Sports At Large: The O's And The Baltimore Unrest
For the last seven decades, it’s been baseball, more than our other major sports, that has led the way in terms of its connection to the broader American social fabric. And nowhere was that association on greater display than last week during the unrest that rocked Baltimore to its core.
Following Wednesday’s surreal game with the Chicago White Sox, the first in Major League Baseball history to be played without fans, Orioles manager Buck Showalter was asked if he had any advice for young black people in the city. Showalter paused a moment, then did something that frankly a lot more people should do on a lot more subjects. Showalter, who grew up the son of a white Florida high school principal, said he didn’t know what to say. Showalter said, "I’ve never been black, OK? So I don’t know. I can’t put myself there. I’ve never faced the challenges they face, so I understand the emotion, but I can’t."
During a week when a nation which has largely shown its indifference to the plight of the inner city in general and Baltimore specifically suddenly became experts on what to do next, Showalter’s bluntness and honesty were refreshing. Showalter went on to say that he wanted his team to be a rallying force for the city and not just because they’re playing good baseball.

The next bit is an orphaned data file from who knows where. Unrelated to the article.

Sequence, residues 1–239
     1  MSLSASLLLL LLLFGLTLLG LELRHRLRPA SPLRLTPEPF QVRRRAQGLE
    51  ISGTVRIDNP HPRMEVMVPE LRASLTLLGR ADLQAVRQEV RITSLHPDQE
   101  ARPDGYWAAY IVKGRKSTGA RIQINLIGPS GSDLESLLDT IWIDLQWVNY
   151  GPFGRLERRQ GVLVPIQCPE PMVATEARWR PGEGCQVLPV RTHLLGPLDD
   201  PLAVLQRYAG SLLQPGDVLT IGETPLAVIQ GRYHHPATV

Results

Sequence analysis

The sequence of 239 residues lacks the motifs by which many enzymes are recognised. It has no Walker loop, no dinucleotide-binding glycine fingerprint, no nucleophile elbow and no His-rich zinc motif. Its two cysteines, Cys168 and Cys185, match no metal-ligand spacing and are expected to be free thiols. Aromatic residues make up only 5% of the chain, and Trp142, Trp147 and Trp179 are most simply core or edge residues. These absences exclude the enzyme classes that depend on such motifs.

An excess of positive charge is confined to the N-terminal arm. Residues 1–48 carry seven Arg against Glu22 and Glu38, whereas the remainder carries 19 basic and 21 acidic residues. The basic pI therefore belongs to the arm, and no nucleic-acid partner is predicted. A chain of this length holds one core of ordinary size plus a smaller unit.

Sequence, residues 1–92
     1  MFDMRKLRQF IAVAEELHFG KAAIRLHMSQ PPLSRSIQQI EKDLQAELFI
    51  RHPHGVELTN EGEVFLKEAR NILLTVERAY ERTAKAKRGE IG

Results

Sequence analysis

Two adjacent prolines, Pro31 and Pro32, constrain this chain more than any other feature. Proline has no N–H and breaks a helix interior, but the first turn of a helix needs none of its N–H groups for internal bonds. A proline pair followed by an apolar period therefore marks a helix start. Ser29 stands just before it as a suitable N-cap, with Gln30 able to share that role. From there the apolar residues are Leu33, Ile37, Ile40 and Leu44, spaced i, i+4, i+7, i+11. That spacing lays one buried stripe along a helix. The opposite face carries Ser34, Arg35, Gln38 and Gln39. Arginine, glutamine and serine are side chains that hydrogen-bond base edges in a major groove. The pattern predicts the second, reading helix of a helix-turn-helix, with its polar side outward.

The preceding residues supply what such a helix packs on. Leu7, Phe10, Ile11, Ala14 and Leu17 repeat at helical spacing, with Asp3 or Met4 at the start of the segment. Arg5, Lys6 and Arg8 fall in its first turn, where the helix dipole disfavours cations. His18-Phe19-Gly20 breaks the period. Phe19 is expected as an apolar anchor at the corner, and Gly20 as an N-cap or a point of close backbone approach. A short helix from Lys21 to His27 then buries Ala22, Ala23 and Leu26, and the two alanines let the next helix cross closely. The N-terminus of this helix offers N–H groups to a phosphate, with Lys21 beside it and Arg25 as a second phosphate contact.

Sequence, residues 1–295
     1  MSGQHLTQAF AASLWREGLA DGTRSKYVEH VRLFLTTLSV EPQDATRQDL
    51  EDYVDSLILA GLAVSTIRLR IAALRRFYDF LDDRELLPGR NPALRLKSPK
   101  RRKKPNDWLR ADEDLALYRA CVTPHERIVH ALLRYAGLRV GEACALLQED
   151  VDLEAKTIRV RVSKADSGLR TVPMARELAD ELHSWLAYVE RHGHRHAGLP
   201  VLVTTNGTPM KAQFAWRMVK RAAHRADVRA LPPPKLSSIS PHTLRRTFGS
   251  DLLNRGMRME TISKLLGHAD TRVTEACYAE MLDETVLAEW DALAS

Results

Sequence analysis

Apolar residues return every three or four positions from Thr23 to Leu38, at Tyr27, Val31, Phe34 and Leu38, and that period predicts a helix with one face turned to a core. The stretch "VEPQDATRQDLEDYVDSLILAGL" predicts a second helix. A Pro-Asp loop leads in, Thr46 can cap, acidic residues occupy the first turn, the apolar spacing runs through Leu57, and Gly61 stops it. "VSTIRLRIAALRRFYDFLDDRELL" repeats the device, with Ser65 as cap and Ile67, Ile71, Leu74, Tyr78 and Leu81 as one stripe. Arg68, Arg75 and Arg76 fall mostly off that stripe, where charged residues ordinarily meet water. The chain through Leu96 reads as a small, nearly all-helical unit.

Indeed, centerfielder Adam Jones, a rarity in the game these days, as an African-American star, has spoken poignantly on racial matters historically and recently and seems to cherish serving as a role model for Black youth. Jones and Showalter could potentially be important contributors in the needed dialogue on the way forward for this city. However, as valuable as the manager and star player are, perhaps the most important words recently came from a most unlikely place.
If you were expecting John Angelos, the Orioles’ chief operating officer and the son of the team’s principal owner, to condemn the protestors who approached Oriole Park two days before the riots, you were wrong.
To the contrary, Angelos, responding to a Tweet from a local talk sports talk show host who criticized the demonstrations, seized upon what he called the American political elite that had, in his opinion, laid the foundation for the protests. In Angelos’ view, the relocation of middle class jobs from this country to Third World nations and dictatorships had, quote, plunged tens of millions of good, hard-working Americans into economic devastation unquote. Angelos criticized what he believes to be an increasing militarized and surveilling government that abuses the Bill of Rights. The tweets read more like the manifesto of a left winger trapped in a 60’s vortex, not the Duke-educated scion of a wealthy family. But Peter Angelos has been a consistent contributor to Democratic candidates and it appears that the apple hasn’t fallen far from the tree.
It will be deeds, not words, that get this city through this crisis, but the words of John Angelos and Buck Showalter are important, if not unlikely underpinnings for what should come next.